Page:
Many of the most important breakthroughs in history—including the printing press, the theory of evolution, the airplane, the assembly line and the computer desktop—were developed through the use of key conceptual analogies.
That’s because analogy is much more than a linguistic device; it’s a fundamental way of thinking. To make an analogy is to make a comparison that suggests parallels between two distinct things, explicitly or implicitly. And those who are most nimble at seeing parallels and connections, rather than just obvious differences, compete best.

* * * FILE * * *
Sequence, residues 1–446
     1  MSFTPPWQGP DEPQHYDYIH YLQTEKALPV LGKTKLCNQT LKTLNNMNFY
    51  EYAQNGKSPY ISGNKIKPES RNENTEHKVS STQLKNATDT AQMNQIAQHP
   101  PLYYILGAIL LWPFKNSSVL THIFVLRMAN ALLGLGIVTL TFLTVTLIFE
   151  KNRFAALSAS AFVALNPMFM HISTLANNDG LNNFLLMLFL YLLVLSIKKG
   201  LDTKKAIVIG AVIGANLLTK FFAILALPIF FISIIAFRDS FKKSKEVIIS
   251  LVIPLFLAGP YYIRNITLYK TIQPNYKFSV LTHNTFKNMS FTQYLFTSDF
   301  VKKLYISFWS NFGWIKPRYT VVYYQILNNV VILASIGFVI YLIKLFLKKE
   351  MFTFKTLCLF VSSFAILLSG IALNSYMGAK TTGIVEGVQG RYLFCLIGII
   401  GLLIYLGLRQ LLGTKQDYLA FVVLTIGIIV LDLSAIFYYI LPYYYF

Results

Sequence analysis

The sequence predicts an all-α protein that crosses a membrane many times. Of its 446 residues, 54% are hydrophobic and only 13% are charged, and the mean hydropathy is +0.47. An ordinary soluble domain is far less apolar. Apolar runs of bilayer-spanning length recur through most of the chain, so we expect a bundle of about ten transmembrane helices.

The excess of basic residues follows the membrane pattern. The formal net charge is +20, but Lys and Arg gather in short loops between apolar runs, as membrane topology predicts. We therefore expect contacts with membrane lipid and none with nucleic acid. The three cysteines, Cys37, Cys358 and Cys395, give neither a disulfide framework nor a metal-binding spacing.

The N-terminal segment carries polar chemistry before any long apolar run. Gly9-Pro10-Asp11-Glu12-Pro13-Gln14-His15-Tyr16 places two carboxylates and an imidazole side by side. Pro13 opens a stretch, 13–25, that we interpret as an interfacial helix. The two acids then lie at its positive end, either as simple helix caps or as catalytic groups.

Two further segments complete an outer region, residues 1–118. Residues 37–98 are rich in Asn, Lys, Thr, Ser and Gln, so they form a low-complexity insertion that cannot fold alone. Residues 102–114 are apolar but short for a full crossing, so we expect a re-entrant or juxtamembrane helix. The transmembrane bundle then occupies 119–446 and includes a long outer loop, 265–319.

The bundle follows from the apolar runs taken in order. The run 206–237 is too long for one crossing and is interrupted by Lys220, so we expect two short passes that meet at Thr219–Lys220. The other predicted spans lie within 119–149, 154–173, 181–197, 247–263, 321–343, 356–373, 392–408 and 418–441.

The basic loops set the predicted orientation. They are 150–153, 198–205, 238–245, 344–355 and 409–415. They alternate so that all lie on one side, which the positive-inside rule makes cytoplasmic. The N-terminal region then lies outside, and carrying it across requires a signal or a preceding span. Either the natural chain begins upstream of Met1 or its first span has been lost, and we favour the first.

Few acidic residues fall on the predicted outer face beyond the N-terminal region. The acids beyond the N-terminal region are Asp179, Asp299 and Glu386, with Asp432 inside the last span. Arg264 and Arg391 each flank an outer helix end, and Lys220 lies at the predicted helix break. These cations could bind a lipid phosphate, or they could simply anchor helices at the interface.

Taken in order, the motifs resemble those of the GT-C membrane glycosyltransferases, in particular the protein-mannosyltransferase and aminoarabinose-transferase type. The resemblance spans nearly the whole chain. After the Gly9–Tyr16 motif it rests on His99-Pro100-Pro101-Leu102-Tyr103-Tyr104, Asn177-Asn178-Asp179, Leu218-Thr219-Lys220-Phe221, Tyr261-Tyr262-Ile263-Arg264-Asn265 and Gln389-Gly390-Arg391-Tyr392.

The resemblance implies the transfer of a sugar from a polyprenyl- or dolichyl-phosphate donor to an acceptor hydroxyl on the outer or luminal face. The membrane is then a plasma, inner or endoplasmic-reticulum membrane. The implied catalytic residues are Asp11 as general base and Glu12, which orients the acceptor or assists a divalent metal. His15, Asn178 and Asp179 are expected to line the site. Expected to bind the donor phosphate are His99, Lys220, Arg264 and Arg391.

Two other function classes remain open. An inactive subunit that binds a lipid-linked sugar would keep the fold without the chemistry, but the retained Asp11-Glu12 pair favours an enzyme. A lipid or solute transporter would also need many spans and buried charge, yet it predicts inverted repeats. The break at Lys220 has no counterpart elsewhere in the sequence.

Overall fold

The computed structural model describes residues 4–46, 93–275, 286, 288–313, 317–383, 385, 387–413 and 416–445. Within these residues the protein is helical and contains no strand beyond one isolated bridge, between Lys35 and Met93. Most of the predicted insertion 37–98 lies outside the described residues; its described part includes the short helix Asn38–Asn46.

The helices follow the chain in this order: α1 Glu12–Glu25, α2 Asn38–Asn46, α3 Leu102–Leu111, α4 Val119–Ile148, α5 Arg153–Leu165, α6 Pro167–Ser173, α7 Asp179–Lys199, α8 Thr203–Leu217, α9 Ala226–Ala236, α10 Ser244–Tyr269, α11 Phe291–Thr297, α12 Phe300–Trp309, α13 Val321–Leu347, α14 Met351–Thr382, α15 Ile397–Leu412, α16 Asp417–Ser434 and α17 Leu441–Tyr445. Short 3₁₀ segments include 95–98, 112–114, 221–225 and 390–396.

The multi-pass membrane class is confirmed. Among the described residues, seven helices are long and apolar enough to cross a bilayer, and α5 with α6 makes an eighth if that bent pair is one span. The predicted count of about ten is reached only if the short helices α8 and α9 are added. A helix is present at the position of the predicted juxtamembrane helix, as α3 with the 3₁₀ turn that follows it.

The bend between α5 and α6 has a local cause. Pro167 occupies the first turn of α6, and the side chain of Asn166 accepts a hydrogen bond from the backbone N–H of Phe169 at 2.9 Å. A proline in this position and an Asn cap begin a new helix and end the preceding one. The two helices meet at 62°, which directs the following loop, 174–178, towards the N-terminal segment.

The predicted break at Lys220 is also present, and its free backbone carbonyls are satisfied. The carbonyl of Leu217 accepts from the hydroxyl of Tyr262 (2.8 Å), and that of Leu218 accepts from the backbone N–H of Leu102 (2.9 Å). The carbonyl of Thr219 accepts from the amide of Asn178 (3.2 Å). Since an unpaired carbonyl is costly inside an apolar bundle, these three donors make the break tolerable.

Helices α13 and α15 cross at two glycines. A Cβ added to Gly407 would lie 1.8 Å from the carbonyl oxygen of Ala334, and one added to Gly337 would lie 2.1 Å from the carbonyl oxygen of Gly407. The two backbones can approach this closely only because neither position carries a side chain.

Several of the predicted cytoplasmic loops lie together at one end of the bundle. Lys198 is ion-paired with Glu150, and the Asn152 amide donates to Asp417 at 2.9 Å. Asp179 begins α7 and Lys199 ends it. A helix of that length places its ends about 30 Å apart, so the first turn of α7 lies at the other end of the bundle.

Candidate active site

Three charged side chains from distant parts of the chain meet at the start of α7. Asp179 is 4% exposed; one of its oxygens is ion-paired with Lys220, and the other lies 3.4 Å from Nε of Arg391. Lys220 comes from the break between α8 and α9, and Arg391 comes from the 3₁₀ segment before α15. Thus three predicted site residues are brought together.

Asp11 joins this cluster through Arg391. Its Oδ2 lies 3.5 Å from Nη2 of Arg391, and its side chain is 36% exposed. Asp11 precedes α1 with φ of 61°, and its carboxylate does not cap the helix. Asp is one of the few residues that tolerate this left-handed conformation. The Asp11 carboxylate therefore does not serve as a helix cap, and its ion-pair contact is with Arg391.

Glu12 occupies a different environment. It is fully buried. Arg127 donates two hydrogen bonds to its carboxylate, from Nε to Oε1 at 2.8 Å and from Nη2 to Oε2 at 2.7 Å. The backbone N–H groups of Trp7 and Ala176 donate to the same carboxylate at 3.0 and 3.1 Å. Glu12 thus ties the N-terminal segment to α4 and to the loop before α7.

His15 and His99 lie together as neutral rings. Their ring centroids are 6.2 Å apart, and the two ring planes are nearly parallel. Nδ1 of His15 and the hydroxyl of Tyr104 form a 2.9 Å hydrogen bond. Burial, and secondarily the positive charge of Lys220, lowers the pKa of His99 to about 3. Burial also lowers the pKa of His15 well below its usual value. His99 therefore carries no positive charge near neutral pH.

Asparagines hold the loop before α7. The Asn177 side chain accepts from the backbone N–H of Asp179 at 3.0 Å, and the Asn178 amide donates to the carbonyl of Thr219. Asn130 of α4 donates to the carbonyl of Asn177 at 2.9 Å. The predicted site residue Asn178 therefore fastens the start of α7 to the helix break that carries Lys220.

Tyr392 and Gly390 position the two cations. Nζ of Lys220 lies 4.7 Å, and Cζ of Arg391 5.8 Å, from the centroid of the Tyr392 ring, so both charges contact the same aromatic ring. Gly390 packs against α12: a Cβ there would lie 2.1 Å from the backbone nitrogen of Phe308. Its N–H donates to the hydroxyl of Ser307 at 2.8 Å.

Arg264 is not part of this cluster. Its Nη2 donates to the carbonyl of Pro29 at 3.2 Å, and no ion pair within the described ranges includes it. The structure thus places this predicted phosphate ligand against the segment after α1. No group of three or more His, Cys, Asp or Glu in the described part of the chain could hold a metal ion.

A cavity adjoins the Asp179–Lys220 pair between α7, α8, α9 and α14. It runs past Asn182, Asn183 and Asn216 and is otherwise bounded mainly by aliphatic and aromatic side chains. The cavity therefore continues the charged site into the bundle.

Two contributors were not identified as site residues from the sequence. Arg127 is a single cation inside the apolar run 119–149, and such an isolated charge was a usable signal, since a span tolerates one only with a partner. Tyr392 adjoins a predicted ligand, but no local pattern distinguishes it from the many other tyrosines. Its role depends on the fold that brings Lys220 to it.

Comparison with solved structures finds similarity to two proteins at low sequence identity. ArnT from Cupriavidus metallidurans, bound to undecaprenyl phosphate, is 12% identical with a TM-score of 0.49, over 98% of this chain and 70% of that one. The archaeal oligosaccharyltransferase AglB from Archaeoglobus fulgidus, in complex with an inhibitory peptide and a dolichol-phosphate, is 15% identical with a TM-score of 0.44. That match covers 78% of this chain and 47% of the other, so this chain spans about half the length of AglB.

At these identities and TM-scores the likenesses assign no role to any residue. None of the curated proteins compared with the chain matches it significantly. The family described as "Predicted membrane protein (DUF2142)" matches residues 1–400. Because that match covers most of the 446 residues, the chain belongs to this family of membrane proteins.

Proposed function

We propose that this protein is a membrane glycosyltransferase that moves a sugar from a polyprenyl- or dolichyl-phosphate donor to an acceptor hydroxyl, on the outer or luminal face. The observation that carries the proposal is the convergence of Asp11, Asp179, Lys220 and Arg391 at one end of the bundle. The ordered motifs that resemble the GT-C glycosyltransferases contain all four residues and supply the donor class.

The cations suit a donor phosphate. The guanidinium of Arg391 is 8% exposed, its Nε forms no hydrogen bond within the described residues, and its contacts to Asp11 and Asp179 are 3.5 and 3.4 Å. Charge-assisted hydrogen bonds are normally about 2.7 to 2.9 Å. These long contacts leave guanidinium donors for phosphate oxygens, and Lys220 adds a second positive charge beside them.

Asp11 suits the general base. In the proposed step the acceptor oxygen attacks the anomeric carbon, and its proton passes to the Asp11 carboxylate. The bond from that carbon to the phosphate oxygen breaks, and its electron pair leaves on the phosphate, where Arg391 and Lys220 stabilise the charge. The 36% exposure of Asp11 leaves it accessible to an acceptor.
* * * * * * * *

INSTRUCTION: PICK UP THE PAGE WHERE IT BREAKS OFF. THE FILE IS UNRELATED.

Here are four rules for innovating through analogy:
- Question conventional analogies
- Explore multiple analogies
- Look for diverse sources